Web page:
Township Police Department ‘Solidifying’ Procedures For Possible Body Cam Program

The township police department has not yet finished its study of a program through which police officers would be deployed with body worn cameras. Photo: Fanwood Police Department.

The township Police Department has not yet finished its research into whether it would be feasible to equip officers with body worn cameras.

Police Chief Lawrence Roberts has said he is taking a slow approach to the program, mainly to make sure it’s financially feasible, in light of the “back end” costs associated with such a program.

The department was awarded three cameras in December 2015 through a grant program from the state Attorney General’s office. Franklin’s was one of 176 departments statewide which received a total of $2.5 million for the cameras at the time.

The state A.G.’s office recently awarded another $566,000 in grants for the cameras to law enforcement agencies in the state, including the Somerset County Sheriff’s Office, and the South Bound Brook and Green Brook police departments.

Roberts said at the time of the township award that he would be waiting for guidelines on the use of the cameras from the Somerset County Prosecutor’s Office. Those guidelines were released in the fall of 2016, said Lt. Phil Rizzo, a police spokesman.

“We are in the process of solidifying our policy,” he said.

Deploying the cameras entails more than just attaching them to police officer’s shirts, he said.

There’s also the cost of docking stations, the cameras’ service contracts, software to allow the uploading of the video and a person to review and categorize the video once it is uploaded.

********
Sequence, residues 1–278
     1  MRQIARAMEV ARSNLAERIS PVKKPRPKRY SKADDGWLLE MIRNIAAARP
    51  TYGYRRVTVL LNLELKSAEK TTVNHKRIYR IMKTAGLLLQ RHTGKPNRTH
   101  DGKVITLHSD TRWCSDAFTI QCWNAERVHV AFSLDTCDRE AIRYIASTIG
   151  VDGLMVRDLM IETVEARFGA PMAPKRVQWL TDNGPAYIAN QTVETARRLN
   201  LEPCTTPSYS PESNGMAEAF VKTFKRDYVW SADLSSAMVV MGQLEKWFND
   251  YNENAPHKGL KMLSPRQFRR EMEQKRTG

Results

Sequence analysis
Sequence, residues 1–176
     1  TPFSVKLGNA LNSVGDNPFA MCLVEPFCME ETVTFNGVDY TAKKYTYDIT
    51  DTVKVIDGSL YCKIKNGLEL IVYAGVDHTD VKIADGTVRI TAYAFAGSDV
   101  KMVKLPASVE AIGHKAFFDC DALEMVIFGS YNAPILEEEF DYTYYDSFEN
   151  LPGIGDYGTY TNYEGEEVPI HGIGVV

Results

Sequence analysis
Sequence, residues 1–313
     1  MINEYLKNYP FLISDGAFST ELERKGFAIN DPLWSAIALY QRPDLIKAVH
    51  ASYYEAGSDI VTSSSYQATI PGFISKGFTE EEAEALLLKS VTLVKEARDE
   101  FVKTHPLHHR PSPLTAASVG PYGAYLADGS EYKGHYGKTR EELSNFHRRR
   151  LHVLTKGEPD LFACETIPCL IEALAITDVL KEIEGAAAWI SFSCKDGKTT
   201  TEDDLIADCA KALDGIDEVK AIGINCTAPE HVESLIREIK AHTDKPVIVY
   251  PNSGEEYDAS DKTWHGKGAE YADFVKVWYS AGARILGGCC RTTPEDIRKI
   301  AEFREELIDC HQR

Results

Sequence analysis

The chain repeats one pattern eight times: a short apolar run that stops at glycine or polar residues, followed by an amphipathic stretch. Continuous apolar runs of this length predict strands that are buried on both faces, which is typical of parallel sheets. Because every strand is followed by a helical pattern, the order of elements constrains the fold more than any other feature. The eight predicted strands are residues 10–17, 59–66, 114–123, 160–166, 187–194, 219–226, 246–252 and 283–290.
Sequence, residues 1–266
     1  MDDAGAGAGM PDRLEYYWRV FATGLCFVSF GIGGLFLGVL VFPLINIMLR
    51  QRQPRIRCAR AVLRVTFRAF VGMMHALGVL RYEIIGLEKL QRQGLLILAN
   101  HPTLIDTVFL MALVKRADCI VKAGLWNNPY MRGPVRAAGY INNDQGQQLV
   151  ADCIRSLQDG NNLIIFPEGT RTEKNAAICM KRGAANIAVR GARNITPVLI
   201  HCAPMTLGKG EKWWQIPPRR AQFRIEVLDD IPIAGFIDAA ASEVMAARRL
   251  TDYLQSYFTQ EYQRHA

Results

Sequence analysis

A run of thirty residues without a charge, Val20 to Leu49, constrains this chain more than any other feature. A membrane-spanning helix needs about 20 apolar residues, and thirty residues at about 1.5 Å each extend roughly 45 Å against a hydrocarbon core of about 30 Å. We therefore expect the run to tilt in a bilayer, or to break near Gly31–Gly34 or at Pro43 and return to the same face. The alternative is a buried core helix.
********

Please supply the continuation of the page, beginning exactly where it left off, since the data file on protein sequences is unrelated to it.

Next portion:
“The cameras themselves are not that expansive,” he said. “The expensive proposition is the back end.”

Rizzo said those “back end” expenses drive the per-camera cost from the initial $500 to about $5,000.

“If we were to outfit whole department, it would cost us close to $75,000, in addition to the camera costs,” he said.

“It’s not just something that’s as simple as putting a Go-Pro camera on a police officer,” he said. “The Attorney General’s guideline is very clear on how long things have to be maintained; certain things have to be tagged as confidential. It’s a very detailed program, and not something we take lightly.”

There’s also the cost of a person to monitor the video, Rizzo said.

“We will have to have an individual to be able to review every minute of this footage, and there are certain situations that the Attorney General mandates must be tagged,” he said. “Juvenile incidents, arrests, if there’s a possibility the footage could be used in a civil trial, that’s going to have to be maintained for seven years. That will pretty much be their sole job.”

Rizzo said the department has all the infrastructure in place, and has recently upgraded its network servers.

“Now it’s a matter of making sure that everything is appropriately implemented, and we don’t want to jump in feet first and realize that we’re in over our heads,” he said. “The administrative services division is researching and making sure it’s a workable program for the township.”

“The chief is committed to make sure that public safety is number one,” Rizzo said. “We also want to make sure we’re staying within the confines of strict budgets, we want to ensure that our officers have the best equipment available for their safety and the safety of the community, but we don’t want to break the bank while doing it.”


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